Be good.  Be kind.  Knowledge is capital, knowledge is power.

 

 

 

The Politics of Gaslighting

This is a picture of a gaslight.   It was invented in England in the 1790s, and by the next century it was on streets and in houses, being the main form of lighting in England and also in the United States (“Lighting a Revolution”, National Museum of American History website, no author or date noted).

A feature of this type of lighting was the ability to turn the gas up or down, making the lighting brighter or dimmer.  It is this ability that is the subject of the 1944 film “Gaslight”, starring Ingrid Bergman and Charles Boyer (which was adapted from a play written by Patrick Hamilton (“Gaslight”, IMDb website, no author or date noted).

The character played by Charles Boyer was trying to drive his wife (played by Ingrid Bergman) crazy by turning the gas up and down, when supposedly she was the only person in the house at the time.  The husband would tell his wife that she was imagining this, making her doubt her own perceptions.  He hid and moved other objects, too, always stating that the objects were either not missing, or she stole them, or otherwise manipulating her.

This is where the term “gaslighting” comes from – I bet you’ve heard it used once or twice.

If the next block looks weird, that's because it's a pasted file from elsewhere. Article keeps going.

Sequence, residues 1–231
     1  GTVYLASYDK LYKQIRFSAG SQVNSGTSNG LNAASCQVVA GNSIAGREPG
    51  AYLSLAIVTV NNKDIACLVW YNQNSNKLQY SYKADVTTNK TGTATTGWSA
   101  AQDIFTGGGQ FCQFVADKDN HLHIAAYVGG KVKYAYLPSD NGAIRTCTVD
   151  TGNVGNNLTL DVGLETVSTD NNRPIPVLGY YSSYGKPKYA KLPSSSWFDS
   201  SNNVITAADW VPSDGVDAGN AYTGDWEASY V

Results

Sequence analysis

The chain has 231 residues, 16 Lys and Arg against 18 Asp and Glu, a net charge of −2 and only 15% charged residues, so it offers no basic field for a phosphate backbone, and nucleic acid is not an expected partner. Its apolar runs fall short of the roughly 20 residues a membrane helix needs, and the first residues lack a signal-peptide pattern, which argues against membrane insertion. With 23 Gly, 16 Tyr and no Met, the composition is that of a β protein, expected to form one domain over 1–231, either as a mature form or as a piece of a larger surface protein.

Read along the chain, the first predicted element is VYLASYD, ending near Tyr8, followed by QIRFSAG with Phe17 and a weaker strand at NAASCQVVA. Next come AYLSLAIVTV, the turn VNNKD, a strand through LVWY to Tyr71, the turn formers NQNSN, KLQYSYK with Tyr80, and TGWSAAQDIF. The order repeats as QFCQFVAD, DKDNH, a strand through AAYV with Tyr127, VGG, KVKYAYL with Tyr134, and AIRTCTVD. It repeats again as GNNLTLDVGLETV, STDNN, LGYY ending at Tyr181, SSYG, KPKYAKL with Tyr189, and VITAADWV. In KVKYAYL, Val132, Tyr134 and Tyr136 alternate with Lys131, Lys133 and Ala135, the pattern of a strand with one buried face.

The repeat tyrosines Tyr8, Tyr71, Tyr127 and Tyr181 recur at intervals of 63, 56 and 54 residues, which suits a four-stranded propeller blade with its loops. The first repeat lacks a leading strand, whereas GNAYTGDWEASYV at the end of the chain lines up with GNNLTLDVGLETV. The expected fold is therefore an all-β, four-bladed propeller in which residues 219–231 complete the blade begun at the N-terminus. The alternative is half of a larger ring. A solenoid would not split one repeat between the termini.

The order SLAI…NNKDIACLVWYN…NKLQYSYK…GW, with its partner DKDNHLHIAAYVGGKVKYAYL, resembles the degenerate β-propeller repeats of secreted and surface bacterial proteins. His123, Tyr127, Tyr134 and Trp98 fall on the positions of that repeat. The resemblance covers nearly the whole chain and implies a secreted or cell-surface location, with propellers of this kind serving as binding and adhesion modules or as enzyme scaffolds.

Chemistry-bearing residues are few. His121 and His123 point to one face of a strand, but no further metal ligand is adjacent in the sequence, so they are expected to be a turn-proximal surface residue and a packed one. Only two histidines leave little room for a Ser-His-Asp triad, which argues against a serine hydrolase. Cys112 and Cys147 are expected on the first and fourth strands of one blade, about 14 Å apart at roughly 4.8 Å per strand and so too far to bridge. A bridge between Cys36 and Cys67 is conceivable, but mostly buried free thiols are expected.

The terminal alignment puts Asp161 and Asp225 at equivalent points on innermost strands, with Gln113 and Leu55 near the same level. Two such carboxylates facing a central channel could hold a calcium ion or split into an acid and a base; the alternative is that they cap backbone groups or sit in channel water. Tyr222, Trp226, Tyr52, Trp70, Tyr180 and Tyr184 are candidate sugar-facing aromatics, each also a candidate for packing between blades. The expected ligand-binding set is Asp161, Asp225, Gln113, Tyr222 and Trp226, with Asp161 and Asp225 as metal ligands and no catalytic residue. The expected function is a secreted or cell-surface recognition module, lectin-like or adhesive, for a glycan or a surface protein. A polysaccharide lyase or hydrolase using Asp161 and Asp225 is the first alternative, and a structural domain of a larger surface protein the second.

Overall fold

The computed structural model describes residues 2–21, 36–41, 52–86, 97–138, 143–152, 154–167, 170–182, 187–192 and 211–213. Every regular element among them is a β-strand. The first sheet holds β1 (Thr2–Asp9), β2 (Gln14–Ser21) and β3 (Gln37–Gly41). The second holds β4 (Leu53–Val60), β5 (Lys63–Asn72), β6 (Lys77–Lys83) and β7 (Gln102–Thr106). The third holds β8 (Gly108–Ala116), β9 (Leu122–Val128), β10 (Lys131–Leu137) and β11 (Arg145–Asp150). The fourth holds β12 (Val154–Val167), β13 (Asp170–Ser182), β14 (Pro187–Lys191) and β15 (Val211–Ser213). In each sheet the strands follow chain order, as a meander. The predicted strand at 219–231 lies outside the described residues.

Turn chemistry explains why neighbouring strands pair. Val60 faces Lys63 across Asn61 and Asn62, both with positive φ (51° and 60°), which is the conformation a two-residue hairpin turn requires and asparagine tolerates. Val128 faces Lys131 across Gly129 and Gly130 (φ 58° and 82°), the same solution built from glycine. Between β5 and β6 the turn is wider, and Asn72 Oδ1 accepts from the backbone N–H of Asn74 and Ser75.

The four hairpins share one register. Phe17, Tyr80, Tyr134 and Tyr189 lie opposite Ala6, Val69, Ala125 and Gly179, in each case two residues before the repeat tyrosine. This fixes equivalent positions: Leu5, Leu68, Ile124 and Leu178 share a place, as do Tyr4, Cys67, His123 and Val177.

This form of manipulation is on public display every time 45 or one of his surrogates speaks.  It’s more than just “spin”, it’s an attempt to reframe reality in such a way that, once ensnared by the manipulation, the subject can’t think clearly – even in the face of facts that are quite obvious to everyone else.

Falling for this kind of trick is not a reflection of how “smart” someone is, contrary to what many people think.  It is also not a reflection of how educated someone is, how ‘weak” someone is, or how low someone’s self-esteem is.

The truth is, anyone can be manipulated by this technique.  A lot depends on how invested the person is in the relationship, how much the person trusts the one doing the gaslighting, and – especially in the case of 45 supporters – how others around them think and react.

Despite the appearance of a diverse society, the USA has a few “group-think” characteristics that can be manipulated for any purpose, if someone wishes to influence a substantial number of people, using gaslighting.

Aside #1: I think we have seen how this has played out, in terms of the effect of Russian bots and memes on some of the American public.

Let’s just look at one characteristic…

Like all groups, American society experiences “trends”, “fads”, or “crazes” – pick your term.  Everything from consumer products to reality tv shows, large numbers of Americans do fall into the “everyone does/has/watches it, I have to have/do/watch it” kind of thinking that defines a trend.

It doesn’t matter if this trend is harmful to others (Samsung products that are made in factories under such horrific conditions that workers have died), or harmful to themselves (doing stupid things on YouTube), I think it’s safe to say that people are not at their critical thinking best when they succumb to fads.

Of course, sometimes the trends are not harmful – like the hula hoop (yes, I’m old), jogging, or eating healthy food.  But you have to admit, these things tend to “catch on” and become popular in our culture.  Some people do things because “everyone is doing it” – that’s a hallmark of our world today.